Ernest:

You also touch on your sexuality and the taboo associated with it. How did it affect your social life or relationships?

 Sherry: 

This is actually quite a complex question. I was married three times, each time to a white male. Race was always a problem. Sometimes being a feminist was a problem. Class differences were a problem. My  problems. I could never let go of trying to educate my partners. I understand now, they had no problems with me being a woman of color feminist – they loved me – as long as they could look the other way, as long as they kept parts of me invisible, as long as who I was didn’t interfere with their world.

At a poetry reading, I met a very charismatic woman.  I fell in love with her. As the relationship developed, I was sure it could be perfect – she was a Chicana, a brown woman - wouldn’t we understand each other? But relationships are complicated.  Some personality types are drawn to other personality types in dysfunctional ways. Three years brought us further apart, not closer together. A friend told me, women of color partners have a difficult time because we bring together each of our own traumatic experiences involving race, class, and gender – a triple whammy. Life and love are complicated. I have always loved women, but married men

Now in my sixties, I enjoy my independence. I don’t need to be in a relationship. Relationships aren’t always about love. Love is all around me and within me. I just need to give love space to be.

Ernest:

At the end of the book, you wrote a poem about the comfort sought in nature, away from the city’s environment. It appears that you have a deep love for nature, which may have helped you heal from the emotional injury and suicidal tendencies.

Sherry:

Actually, I have a love/hate relationship with nature. I love observing the beauty of trees, of flowers, of birds, of deer, of owls. But, I can’t dig in the dirt, walk in the rain, camp in the woods, hike in the mountains. I love water – creeks, rivers, lakes, and oceans – but I can’t swim. Perhaps nature is a sign, a metaphor that love can’t be controlled. That the essence of love is being in awe of the uncontrollable – the thunder, the rain, the cold, the heat as well as flowers blooming, birds migrating, and sun shining. Letting go, to live.  I do this by writing. It isn’t easy, I don’t particularly like doing it – but I have no choice.

Ernest:

What kind of feedback did you get from readers, including your family, on How to Write a Suicide Note?

 Sherry:

Siblings…no feedback from them, really.  They each have a copy of my book. However, my niece has been writing her stories, and knowing that I have influenced her to write is all the feedback I need.

At my publication reading at the True Colors book store, I asked everyone in the audience to introduce themselves (it was a small gathering) – and in the back of the room were my cousin and his wife. This is the family, I was told, not to connect with – my mother’s family.  This particular cousin is the son of my aunt whom I had connected with after I left home, at the age of nineteen. His mother, now deceased, was a writer, and a singer. She encouraged me to write. She’s the angel on my shoulder. I hadn’t seen my cousin in years, though his daughter, whom I have stayed in touch with, wrote to me after A Little Mixed Up was published, thanking me for connecting her to her grandmother through my writing.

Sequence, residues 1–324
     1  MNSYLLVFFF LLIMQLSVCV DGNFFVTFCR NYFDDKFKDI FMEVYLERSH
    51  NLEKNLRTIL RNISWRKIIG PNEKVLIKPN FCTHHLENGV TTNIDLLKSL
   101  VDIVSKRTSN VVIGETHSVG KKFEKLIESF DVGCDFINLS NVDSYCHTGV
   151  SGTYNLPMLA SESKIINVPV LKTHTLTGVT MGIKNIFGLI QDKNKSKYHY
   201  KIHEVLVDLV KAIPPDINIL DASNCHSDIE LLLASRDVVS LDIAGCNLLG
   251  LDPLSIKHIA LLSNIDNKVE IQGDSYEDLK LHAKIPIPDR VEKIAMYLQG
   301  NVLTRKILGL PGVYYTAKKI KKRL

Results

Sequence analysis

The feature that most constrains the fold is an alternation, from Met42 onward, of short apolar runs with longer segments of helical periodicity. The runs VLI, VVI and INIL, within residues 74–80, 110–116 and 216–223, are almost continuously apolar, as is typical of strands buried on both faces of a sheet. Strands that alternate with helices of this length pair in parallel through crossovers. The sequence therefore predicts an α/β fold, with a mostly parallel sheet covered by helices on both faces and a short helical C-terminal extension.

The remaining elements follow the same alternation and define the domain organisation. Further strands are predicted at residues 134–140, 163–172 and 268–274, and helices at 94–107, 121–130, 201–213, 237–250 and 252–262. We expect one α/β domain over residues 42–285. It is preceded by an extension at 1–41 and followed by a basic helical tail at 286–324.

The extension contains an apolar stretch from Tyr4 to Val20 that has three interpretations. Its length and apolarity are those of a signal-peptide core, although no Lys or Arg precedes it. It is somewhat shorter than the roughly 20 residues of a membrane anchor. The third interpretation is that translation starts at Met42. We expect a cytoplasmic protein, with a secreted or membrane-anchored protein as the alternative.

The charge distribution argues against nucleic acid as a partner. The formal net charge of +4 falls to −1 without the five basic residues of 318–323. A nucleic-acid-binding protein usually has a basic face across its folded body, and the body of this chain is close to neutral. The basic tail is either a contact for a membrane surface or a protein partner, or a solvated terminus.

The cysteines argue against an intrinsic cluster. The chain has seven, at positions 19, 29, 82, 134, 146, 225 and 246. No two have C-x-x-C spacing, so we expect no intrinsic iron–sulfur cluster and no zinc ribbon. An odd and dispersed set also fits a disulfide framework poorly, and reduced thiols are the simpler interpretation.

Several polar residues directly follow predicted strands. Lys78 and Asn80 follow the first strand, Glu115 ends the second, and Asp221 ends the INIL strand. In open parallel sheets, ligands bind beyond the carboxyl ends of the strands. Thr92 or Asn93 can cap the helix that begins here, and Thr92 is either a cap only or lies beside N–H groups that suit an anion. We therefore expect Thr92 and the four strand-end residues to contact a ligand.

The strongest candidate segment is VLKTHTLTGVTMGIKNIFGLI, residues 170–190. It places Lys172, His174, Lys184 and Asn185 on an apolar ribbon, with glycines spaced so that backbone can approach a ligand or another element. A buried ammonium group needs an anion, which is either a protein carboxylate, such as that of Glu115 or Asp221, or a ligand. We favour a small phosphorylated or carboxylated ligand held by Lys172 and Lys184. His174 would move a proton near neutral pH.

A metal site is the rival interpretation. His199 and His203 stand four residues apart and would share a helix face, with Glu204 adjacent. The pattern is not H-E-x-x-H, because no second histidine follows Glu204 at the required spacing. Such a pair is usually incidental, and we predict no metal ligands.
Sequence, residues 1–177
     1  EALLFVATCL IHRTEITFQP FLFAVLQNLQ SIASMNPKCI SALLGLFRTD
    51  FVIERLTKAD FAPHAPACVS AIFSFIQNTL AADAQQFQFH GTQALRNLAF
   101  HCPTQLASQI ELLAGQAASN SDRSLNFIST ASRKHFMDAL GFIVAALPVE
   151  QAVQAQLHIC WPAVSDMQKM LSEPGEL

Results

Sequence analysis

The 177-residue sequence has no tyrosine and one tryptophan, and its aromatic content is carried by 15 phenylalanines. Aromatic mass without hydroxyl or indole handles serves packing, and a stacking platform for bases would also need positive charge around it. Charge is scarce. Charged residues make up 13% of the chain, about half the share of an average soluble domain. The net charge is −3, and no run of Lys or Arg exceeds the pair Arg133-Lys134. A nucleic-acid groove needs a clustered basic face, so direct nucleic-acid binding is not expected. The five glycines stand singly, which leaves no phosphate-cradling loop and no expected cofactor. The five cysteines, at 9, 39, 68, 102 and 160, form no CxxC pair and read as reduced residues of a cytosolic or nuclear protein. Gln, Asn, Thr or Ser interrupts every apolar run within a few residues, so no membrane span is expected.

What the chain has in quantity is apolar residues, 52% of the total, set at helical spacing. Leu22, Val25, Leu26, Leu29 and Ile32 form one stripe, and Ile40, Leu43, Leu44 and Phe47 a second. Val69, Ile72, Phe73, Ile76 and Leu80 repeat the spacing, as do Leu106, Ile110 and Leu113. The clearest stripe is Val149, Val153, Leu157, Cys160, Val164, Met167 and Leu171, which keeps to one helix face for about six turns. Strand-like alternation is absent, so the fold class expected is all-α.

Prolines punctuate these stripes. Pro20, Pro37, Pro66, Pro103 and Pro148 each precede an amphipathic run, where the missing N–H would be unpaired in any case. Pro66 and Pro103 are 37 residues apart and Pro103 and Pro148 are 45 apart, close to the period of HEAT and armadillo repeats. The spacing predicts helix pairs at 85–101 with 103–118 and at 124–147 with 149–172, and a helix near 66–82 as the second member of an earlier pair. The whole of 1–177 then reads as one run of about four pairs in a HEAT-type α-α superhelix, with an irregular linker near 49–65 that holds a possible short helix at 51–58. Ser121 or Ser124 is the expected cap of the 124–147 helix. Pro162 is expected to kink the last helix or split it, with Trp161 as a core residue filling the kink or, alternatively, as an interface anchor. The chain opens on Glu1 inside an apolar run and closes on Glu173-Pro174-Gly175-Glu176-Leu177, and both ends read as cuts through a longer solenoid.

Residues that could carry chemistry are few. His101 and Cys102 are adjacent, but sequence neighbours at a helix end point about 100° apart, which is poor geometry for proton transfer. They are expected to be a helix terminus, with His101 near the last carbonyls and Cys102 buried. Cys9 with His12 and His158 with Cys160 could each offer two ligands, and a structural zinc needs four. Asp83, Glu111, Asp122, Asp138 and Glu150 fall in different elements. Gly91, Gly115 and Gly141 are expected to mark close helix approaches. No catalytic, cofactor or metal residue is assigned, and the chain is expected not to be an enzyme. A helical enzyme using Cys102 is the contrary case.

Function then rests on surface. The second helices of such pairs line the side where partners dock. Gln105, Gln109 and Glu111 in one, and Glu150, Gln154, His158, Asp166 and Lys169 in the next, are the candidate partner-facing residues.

There have been reviews of How to Write a Suicide Note that didn’t capture the theme of it, or even attempt to discuss the craft of it. Others, like your review, didn’t miss a beat. However, the most challenging review was a review printed in MultiCultural Review, Volume 17, Number 4, Winter 2008, by Lori Tsang. She disagreed that writing could save lives, saying, “as if you could will yourself not to be depressed.” Depression was the word that caught my attention. Were my suicide attempts caused by depression? The review caused me to re-view my work, and to question whether I had inferred that depression was the reason for my suicide attempts, or if I had slighted any of the writers whose suicide notes had not saved them. Was Tsang saying depression, along with being a writer/writing leads to suicide?

Tsang’s view challenged me to think outside my experience and opinion. In re-reading my book, I realized I did use the word depression or some derivate a few times, but overall I didn’t emphasize a theme “trying to encourage and support others struggling to survive depression.” What I had hoped to convey was that by killing off parts of myself that were killing me, I could live.

Ernest:

What is your mantra for living peacefully now?

 Sherry:

Living peacefully is always an ongoing goal. It takes intention. It takes work.  And often the work is the work of letting go, of getting rid of, of making choices.  It’s the work of reading, of listening to music. It’s the work of giving, and receiving.  It’s the work of being thankful.  It’s the work of being nonjudgmental.  It’s spirit.  It’s love.  

 Ernest:

It took years to complete How to Write a Suicide Note and you have told in the book that you write only occasionally, whenever the urge to write controls you. Does it mean that readers have to wait long before they get another gem from you? 

Sherry:

My next book is titled Imagining Love. Imagining is more difficult than experiencing. The manuscript, after about a year’s time, consists of twelve rough draft poems. I often carry the notebook with me. In this work, I imagine love is the answer.

 Ernest:

Thank you Sherry for taking time to have this conversation!

 Sherry:

Thank you for your reviewing How to Write a Suicide Note:  serials essays that saved a woman’s life. Some reviewers misunderstand the content and the format entirely.  I appreciate your in-depth review, and subsequently your thought provoking questions.